Eosinophilic esophagitis (EoE) is an immune-mediated chronic inflammatory disorder of the esophagus that, in most children and many adults, is triggered by food antigen(s). The goals of treatment in EoE, like for most other chronic disorders, include: 1) resolution of clinical symptoms, 2) maintenance of remission and prevention of disease relapse 3) prevention of complications such as fibrosis and strictures by maintaining histological remission 4) prevention of iatrogenic treatment related adverse reactions such as nutritional deficiencies as in dietary treatment and 5) maintenance of quality of life. Current standard of care for the treatment of EoE include either pharmacologic modality with glucocorticosteroids (oral, or swallowed spray or slurry) or diet. Swallowed steroids are the more commonly utilized form of steroid treatment modality with histological remission rates of 50-80% of subjects. The potential drawbacks of steroid therapy include side effects such as opportunistic infections, potential suppression of the pituitary-adrenal axis with prolonged use and most important disease recurrence once the medication is discontinued. The dietary approach is based on the hypothesis that food antigen(s) trigger eosinophilic inflammation and clinical and histological remission can be induced by identifying and excluding the causative food antigen(s). It is believed that eliminating causative food antigen(s) target the cause and thus induces long term remission. The current recommendation for treatment of EoE with diet are based on a number of retrospective and observational studies. This prospective study eliminating the four most common (cow milk protein, wheat, egg, and soy) antigens, will primarily assess the histological response in a cohort of children and will attempt to validate the findings of the previously published retrospective study. In addition by the process of orderly and sequential reintroduction of the excluded solids we will identify the different foods responsible for causing esophageal inflammation and thus disease. This study will also characterize patient demographics, symptoms and histologic changes associated with the four food elimination (4-FED) process.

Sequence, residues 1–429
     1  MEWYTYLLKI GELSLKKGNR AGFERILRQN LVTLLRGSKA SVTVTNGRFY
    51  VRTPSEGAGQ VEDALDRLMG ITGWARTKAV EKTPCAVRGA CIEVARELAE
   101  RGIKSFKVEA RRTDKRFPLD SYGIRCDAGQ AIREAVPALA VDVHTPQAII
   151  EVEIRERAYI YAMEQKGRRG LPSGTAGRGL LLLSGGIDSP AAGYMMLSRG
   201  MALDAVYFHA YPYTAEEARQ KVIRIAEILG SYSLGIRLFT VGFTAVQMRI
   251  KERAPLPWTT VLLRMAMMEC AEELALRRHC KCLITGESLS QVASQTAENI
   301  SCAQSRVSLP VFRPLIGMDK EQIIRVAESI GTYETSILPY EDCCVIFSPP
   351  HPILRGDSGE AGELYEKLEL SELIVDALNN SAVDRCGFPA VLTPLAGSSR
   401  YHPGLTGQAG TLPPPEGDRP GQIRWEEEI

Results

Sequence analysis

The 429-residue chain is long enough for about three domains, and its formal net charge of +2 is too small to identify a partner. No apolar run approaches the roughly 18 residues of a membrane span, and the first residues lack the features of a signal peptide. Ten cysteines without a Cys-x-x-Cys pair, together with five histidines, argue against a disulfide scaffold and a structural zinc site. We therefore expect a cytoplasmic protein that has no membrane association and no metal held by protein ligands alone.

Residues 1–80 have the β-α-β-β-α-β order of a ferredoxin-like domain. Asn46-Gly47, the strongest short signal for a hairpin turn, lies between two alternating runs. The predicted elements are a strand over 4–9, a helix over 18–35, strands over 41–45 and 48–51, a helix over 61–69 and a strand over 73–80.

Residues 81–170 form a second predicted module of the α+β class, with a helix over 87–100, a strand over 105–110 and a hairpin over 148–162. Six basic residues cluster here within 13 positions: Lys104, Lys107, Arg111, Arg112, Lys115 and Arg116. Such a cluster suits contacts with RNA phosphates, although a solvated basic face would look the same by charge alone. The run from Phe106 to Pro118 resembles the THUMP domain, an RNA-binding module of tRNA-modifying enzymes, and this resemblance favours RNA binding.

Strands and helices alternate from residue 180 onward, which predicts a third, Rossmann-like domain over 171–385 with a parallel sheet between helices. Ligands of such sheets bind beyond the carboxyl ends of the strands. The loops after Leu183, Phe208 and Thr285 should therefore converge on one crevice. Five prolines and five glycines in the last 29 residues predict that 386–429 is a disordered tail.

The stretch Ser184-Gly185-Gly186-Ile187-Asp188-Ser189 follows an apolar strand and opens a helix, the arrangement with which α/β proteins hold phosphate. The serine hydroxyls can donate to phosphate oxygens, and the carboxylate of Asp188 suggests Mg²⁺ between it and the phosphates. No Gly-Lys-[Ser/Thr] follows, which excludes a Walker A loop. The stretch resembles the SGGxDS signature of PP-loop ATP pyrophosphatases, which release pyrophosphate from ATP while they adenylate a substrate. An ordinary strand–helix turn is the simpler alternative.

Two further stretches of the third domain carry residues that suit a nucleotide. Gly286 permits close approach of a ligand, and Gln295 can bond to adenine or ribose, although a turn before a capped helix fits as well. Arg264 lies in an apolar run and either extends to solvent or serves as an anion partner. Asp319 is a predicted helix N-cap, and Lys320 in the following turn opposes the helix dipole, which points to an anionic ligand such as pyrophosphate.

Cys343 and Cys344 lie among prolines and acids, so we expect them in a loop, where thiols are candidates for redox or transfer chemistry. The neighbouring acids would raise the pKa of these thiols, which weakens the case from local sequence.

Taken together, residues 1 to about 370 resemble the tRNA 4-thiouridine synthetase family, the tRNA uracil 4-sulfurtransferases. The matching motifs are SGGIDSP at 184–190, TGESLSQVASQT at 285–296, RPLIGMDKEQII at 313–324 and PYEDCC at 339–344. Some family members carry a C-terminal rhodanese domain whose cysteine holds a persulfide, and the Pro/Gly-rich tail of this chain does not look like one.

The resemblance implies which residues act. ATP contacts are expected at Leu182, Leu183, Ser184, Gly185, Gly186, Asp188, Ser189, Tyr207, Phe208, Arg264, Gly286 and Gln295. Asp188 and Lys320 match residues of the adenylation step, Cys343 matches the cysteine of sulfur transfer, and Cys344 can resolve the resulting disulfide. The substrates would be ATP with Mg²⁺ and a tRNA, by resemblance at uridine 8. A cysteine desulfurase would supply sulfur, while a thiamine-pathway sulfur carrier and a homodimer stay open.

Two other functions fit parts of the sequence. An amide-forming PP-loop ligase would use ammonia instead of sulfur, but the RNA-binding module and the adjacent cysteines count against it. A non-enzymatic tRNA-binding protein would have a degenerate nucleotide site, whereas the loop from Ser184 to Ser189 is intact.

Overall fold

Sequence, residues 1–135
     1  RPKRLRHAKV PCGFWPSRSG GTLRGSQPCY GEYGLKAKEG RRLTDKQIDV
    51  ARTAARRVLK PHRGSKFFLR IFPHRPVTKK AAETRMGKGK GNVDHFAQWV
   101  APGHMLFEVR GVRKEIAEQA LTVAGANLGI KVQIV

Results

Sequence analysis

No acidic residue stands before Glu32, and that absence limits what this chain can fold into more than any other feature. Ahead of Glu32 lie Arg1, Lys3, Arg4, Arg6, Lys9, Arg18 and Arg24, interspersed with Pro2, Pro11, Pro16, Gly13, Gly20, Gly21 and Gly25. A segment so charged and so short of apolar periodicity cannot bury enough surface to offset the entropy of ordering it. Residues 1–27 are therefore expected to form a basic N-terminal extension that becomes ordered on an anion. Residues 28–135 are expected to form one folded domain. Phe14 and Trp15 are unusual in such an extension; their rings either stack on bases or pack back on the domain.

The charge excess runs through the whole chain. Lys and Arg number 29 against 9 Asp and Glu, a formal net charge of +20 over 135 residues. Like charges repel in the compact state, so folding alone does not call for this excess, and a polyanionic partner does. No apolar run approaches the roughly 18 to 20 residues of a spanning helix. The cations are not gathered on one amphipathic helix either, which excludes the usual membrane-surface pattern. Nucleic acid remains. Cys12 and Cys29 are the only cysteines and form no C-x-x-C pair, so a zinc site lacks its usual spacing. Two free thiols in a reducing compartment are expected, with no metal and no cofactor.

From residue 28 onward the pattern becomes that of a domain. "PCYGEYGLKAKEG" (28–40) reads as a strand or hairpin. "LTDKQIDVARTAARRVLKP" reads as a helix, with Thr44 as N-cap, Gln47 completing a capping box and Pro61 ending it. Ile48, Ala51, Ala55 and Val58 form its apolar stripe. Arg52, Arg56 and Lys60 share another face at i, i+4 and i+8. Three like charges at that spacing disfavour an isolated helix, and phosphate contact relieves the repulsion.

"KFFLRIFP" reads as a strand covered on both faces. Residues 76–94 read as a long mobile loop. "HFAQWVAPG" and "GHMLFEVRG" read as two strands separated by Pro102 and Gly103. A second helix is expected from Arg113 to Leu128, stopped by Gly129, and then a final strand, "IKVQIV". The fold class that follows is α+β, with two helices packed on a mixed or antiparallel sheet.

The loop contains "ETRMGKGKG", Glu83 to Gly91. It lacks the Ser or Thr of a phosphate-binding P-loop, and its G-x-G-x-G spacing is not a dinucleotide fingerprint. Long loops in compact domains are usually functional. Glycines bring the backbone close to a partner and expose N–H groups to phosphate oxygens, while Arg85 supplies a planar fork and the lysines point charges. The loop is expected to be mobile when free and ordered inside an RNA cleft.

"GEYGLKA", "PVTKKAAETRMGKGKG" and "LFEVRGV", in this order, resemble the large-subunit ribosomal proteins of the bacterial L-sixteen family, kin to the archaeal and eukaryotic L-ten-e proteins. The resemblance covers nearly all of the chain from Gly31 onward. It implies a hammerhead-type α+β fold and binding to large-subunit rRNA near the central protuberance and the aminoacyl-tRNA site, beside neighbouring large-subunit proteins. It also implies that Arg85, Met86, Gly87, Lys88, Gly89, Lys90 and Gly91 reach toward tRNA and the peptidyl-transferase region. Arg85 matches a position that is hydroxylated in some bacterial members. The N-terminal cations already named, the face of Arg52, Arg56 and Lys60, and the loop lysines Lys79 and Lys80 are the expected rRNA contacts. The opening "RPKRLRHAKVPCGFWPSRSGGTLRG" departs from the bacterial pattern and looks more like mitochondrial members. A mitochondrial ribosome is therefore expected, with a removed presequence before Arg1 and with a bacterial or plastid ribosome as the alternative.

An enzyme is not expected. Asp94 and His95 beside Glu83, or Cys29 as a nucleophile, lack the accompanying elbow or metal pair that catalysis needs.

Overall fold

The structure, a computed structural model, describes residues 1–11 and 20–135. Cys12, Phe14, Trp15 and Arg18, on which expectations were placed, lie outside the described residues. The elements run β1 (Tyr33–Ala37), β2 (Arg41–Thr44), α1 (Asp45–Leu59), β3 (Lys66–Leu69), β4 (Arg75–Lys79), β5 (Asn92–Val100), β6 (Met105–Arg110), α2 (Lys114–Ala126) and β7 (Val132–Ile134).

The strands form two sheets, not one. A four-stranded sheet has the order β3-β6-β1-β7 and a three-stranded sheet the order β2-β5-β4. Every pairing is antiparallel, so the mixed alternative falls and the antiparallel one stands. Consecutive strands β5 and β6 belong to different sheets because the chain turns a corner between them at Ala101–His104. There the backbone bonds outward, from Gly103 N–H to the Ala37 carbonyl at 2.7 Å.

Amir F. Kagalwalla, MD